On appeal, the defendant claims that there was insufficient evidence to support his conviction under the third count of attempted assault in the first degree of Little. In doing so, he maintains that the state failed to prove that he had the requisite intent to harm Little and that the doctrine of transferred intent cannot be utilized to supply the intent necessary for a conviction of attempted assault in the first degree under General Statutes §§ 53a-49 and 53a-59.
The state, on appeal, in arguing to sustain the conviction on the third count, claims that the intended victim in that count was actually Gordon, not Little. This position is irreconcilable with the state's theory at trial as to the third count. The state's theory of the case at trial is evident, as we will point out, not only from its presentation of evidence and argument to the jury but also from its position as to the trial court's jury instructions concerning the third count.
The thrust of the state's case at trial with regard to Gordon was that the defendant conspired to murder Gordon, as the first count specifically charged, and that he did murder Gordon, as the second count specifically charged. The jury found the defendant guilty of the conspiracy and not of the murder. On appeal, the state now claims that the intended victim in the third count was Gordon. To understand more fully the position of the state at the trial, certain additional circumstances must be set out.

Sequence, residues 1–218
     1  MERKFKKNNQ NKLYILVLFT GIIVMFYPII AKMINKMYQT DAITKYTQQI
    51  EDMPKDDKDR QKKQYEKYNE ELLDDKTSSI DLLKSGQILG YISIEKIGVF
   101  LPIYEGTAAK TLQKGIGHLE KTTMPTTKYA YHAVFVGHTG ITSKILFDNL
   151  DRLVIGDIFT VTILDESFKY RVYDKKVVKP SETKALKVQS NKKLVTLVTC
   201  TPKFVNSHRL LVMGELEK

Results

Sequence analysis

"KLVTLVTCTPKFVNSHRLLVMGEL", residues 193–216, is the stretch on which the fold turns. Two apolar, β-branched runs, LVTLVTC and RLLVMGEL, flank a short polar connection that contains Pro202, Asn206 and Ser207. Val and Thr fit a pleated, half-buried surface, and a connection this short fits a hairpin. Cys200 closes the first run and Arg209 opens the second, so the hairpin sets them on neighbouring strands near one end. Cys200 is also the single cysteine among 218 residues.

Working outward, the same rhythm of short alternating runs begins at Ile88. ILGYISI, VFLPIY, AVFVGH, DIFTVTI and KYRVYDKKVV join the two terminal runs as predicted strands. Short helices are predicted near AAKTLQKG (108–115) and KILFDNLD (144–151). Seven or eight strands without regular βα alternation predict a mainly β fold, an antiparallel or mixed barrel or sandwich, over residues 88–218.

Count one, conspiracy to commit murder, and count two, murder, of the information explicitly specify Gordon as the alleged and indeed actual target. Count three, on the other hand, does not mention Gordon at all, but does mention Little. That count alleges that while “acting with the intent to cause a serious physical injury to another person [who is unnamed], the defendant performed a substantial step in the course of conduct planned to culminate in the commission of the crime, to wit: arming himself with a deadly weapon, going to Allen Drive and shooting one Will Little.” (Emphasis added.) In count four, the state returns to its posture, as it did in counts one and two, and specifies the person injured (Little) by the defendant's alleged assault on him with a firearm. The state continues its posture of specifying the alleged victim in the fifth count where it names Tiffany Rodriguez as the alleged victim of the defendant's conduct under the risk of injury to a child charge. Thus, in its five count information, it is only in the challenged third count that the alleged victim is not explicitly named. It is the “another person” language, without explication in that count, that has germinated into the crucial issue in this matter. The defendant reasonably believed that the “another person” in that count referred to Little.